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Learning to drive

Taking the theory test with dyslexia, anxiety or learning difficulties

The theory test can be a struggle even for people that don't usually have problems with taking tests, so if you have a learning difficulty or anxiety, it can be quite a worry.

But do not fear: there are a couple of ways to help make the test a better experience for you.

  1. Reassure yourself of all the details

  2. If you're worried about taking the test, it will help you to know exactly what's going to happen.

    If you suffer from anxiety, it may be possible for you to visit the test centre before your theory test, so you can make sure you know where you're going and what you need to do.

    What happens on the day of your theory test

    1. You show up - early of course, but definitely half an hour before the test starts
    2. You sign in, showing your provisional licence photocard
    3. You put your belongings, including your phone, in the locker you're given
    4. You wait to be called
    5. Your name is called and you have your ears checked for secret spy devices
    6. You go to the computer you're pointed to and sit down
    7. You use your 15 minutes practice time to get used to the system
    8. Then you get 57 minutes to answer 50 multiple-choice questions
    9. You flag questions you're not sure about and you can go over the questions as many times as you like
    10. When you're done, you get some time to have a bit of a rest
    11. You then start the hazard perception bit of the test, where you have to click when you see a hazard
    12. When you're done, you end the test and leave the test room
    13. You're given your test results before you leave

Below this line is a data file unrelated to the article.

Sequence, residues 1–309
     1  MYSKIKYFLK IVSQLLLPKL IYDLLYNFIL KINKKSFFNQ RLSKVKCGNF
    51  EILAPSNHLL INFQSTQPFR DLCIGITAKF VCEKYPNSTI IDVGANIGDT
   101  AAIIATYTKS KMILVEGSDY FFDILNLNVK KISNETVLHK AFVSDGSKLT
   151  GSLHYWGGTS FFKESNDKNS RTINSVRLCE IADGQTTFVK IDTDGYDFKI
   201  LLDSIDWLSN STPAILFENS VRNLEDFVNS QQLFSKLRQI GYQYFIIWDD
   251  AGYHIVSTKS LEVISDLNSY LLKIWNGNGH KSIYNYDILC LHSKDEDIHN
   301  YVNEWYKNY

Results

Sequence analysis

14. If you don't pass, you're told the areas you need to do more revision in
    15. If you do pass, you get your pass certificate and skip off home
     
  3. Book extra time

  4. It's possible for people with dyslexia to be given double the usual 57 minutes to complete the theory test. All you need to do is provide a letter from your doctor or a teacher that says you have dyslexia.

    To get the extra time for the theory test, email the DVSA's test agency at [email protected] with your proof attached.

     
  5. Choose to have the test questions read to you

  6. If you think you'll find the format of the written test questions difficult, you can choose an audio version of the theory test. Just book online and choose that option.

    If you don't choose the audio theory test when you book, it is possible to ask on the day but make sure you're early. You don't need to provide evidence that you have dyslexia to have the audio theory test and it comes in 20 languages.

     
  7. Request a one-to-one helper

  8. If you know you'll really struggle with the test format (if you have problems with your sight, for example), you can request extra help. This would be someone to sit with you for the test, who'll read you the question and record your answer.

    You'll need to contact the DVSA's test agency directly to request this, with proof of your learning difficulty.


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Honor joined ingenie in 2014 and is in charge of words on the Young Driver's Guide and blog. Her first car is a Peugeot 206 cabriolet, which is a very sensible choice for the British climate. Follow her on .